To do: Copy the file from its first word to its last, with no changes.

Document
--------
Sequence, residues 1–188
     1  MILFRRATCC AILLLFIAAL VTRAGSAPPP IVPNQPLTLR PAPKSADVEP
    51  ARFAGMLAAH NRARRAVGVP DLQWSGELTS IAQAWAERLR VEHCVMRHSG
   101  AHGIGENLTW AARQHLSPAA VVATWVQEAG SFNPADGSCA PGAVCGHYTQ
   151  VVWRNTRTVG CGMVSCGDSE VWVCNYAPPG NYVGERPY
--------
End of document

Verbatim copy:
Sequence, residues 1–188
     1  MILFRRATCC AILLLFIAAL VTRAGSAPPP IVPNQPLTLR PAPKSADVEP
    51  ARFAGMLAAH NRARRAVGVP DLQWSGELTS IAQAWAERLR VEHCVMRHSG
   101  AHGIGENLTW AARQHLSPAA VVATWVQEAG SFNPADGSCA PGAVCGHYTQ
   151  VVWRNTRTVG CGMVSCGDSE VWVCNYAPPG NYVGERPY